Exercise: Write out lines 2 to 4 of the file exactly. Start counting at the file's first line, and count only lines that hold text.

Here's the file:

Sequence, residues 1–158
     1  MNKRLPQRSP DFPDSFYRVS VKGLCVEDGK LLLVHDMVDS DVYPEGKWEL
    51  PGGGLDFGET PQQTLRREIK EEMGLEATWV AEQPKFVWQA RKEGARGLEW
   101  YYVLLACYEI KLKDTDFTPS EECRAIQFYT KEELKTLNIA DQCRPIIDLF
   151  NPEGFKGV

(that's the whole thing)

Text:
     1  MNKRLPQRSP DFPDSFYRVS VKGLCVEDGK LLLVHDMVDS DVYPEGKWEL
    51  PGGGLDFGET PQQTLRREIK EEMGLEATWV AEQPKFVWQA RKEGARGLEW
   101  YYVLLACYEI KLKDTDFTPS EECRAIQFYT KEELKTLNIA DQCRPIIDLF